The reason I'm up in the far North East parts of the country is because I pulled a high value high security load (HVHS) of copper up here from a mine in El Paso TX.  I then got a short haul load of lumber from Bloomfield CT over to a Home Depot in Monticello NY.  Now I'm back in CT where I will pick up a load of trash from Stratford CT that will propel me over to Amsterdam OH.  I don't really enjoy hauling trash, but it's not that bad.  The good thing about these trash loads is that they will generally get you over to Ohio where there is an abundance of better paying freight to all sorts of places.  In my next post I will provide a photo of my trash load, and you will see that it is nicely bagged in these huge green bags.  The trash from the particular place that I will be loading at is considered to be "construction debris" so it is not too stinky or messy.  It is usually dry trash and it is bailed up tightly by a huge trash compactor and then enclosed in these huge bags so that it doesn't get spread around as you are going down the road with it.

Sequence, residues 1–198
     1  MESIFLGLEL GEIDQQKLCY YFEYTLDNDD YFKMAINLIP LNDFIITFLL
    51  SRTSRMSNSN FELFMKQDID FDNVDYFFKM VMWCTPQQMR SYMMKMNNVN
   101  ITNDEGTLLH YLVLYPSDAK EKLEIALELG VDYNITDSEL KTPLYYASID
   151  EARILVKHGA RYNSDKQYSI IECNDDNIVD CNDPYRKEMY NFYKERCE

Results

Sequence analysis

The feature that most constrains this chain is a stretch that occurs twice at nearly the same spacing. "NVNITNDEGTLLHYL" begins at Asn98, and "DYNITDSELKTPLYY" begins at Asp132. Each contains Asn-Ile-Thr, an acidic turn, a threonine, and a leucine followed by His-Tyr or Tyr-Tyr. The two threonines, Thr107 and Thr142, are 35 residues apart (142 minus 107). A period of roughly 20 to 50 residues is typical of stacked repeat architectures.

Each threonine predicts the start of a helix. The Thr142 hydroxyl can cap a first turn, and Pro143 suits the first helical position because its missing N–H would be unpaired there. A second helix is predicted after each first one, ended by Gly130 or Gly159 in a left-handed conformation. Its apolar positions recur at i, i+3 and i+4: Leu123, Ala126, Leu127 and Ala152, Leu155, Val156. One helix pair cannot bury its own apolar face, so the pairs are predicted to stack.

It's been really cold up here, but the weather has been clear for the most part.  It snowed on me a little in Monticello NY, but it wasn't too bad.  It's kind of funny because I left out of El Paso TX with this load and it's not a place known for it's severe winter weather.  But the weather down in El Paso was worse than what I've been experiencing up here in the North East.  While driving from El Paso to Midland TX I saw six eighteen wheelers in the ditches or medians - all of them jack-knifed after passing over the frozen overpasses.  There was an abundance of cars (four wheelers as the truck drivers call them) in the same situation - all of them immediately following an overpass.  So I took it slow and easy until I could get to the truck stop I was planning on spending the night at in Midland.
Once I woke in the morning I discovered they had closed the interstate that I had just traversed to get where I was.  I was fortunate to get out of there in time so I could keep moving toward my destination.  Check out this layer of ice that built up on my truck mirrors as I drove through that unusual Texas winter storm.

I kept having to stop every hour or so and break the ice off my windshield wipers because they would get so iced over that they wouldn't keep the freezing rain off my windshield.  I'm glad I pressed on to get out of there though because as I said I may have been stuck there for a lengthy and unnecessary stay.

I'm hoping I can get loaded early in the morning and make some good time on my way to Ohio, I'll let you know tomorrow about how that goes.  I'm looking forward to getting home for Christmas, until then you are all in my prayers and my hearts warmest affections.